For the first time, a former prosecutor is tapped to lead the SEC
By Debra Cassens Weiss
Jan 25, 2013, 07:43 am CST
Former U.S. Attorney Mary Jo White has been nominated to lead the Securities and Exchange Commission in a move thought to presage tough enforcement at the agency.
White is the first former prosecutor chosen to lead the SEC, report the Wall Street Journal (sub. req.) and the National Law Journal. President Obama announced the nomination on Thursday. “You don't want to mess with Mary Jo," he said.
White is currently a partner at Debevoise & Plimpton, where she has represented companies that have wrangled with the SEC, the Wall Street Journal says. Ethics rules would bar her from working for two years on some matters involving her former firm or clients. White’s husband, John White, is a partner at Cravath Swaine & Moore, and that could spur her recusal when the firm represents a client before the SEC. John White oversaw the SEC's division of corporation finance from 2006 to 2008, according to the New York Times DealBook story on the nomination.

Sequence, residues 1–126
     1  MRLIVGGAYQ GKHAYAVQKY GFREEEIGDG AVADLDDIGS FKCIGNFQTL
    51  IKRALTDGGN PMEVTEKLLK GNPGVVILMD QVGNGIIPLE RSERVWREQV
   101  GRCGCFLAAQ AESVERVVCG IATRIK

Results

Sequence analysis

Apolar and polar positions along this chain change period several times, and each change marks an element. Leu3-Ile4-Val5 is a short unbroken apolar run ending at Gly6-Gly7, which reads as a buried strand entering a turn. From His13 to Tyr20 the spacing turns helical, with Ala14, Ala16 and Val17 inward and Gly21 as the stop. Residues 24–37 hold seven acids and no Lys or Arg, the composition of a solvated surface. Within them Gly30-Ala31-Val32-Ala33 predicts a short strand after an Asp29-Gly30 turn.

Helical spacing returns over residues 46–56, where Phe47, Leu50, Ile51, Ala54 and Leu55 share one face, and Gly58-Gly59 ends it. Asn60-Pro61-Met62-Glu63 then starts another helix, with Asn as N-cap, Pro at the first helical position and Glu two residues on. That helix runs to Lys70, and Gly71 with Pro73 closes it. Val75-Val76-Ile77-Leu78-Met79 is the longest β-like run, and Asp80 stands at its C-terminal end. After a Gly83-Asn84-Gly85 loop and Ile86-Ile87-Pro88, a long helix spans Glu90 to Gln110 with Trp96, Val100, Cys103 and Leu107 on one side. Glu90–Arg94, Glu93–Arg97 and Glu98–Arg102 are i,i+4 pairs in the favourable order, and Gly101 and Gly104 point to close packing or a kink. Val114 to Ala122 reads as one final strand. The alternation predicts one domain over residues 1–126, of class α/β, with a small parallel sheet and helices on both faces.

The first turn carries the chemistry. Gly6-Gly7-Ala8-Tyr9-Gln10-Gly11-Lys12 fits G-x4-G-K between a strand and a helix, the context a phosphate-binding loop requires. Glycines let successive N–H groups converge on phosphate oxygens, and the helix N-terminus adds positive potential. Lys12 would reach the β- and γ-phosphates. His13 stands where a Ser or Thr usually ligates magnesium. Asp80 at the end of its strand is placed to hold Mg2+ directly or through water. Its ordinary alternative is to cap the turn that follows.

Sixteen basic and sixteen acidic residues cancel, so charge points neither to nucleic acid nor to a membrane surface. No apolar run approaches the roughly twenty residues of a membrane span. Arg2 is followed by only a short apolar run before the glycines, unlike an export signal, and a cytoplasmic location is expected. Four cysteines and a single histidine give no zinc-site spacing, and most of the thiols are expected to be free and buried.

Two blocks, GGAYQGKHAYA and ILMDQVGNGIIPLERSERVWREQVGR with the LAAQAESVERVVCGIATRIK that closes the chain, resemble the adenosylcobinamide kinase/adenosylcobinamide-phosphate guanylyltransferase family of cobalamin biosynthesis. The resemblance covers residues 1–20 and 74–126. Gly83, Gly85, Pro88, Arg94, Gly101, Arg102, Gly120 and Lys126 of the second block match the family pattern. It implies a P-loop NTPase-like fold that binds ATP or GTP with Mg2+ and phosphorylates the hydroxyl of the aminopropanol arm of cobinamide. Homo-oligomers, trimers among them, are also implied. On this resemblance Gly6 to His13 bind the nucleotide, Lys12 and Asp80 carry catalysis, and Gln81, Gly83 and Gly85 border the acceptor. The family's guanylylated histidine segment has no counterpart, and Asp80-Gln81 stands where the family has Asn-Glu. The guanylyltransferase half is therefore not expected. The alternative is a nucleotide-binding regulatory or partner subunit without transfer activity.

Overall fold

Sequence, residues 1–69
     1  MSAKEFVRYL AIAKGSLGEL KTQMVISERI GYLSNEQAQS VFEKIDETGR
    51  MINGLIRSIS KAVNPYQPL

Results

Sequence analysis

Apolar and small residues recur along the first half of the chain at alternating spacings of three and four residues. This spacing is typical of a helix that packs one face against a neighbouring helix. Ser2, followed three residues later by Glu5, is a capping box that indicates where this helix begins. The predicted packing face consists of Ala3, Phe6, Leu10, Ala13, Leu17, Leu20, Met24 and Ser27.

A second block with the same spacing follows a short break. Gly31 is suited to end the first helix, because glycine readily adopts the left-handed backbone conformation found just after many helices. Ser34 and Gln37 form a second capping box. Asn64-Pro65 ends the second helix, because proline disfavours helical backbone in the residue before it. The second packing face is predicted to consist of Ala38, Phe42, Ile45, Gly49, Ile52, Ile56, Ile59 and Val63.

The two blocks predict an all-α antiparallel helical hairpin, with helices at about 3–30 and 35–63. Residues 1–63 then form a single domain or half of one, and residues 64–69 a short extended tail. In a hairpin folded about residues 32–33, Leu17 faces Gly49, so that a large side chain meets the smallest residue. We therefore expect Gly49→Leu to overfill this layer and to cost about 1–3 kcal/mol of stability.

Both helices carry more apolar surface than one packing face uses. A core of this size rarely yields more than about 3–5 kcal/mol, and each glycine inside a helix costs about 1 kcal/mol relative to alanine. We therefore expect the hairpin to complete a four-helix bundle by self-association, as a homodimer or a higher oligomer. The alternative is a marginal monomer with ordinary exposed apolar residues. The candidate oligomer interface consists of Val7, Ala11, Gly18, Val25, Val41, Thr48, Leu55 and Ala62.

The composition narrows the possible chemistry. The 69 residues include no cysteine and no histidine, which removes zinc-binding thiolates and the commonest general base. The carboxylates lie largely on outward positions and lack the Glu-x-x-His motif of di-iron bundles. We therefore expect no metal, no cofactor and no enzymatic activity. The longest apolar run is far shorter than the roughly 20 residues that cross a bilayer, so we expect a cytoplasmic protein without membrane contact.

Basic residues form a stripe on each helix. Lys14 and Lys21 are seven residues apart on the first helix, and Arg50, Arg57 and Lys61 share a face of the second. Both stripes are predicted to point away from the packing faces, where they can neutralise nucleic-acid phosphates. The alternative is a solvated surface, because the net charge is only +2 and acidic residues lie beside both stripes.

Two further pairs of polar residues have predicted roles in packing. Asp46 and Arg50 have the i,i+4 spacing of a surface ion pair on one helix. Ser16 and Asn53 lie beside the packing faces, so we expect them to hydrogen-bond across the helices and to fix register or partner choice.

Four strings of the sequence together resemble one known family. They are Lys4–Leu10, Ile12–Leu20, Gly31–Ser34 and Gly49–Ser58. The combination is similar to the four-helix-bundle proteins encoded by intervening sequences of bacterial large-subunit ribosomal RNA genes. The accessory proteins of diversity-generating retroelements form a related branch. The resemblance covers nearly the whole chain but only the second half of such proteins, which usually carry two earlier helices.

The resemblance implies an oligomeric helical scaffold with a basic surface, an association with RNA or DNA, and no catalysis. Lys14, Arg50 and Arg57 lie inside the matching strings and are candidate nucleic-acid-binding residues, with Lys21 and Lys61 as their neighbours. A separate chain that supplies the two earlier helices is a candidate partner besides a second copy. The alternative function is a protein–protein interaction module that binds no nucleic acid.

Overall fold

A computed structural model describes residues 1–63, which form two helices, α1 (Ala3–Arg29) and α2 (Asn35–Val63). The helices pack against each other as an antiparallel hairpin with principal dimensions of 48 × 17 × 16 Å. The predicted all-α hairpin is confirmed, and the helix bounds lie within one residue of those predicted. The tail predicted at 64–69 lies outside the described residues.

New York State Attorney General Eric Schneiderman was among those praising Mary Jo White's nomination. "She is a tough, experienced prosecutor, which is exactly what the SEC needs right now to restore investor confidence," Schneiderman said in a statement.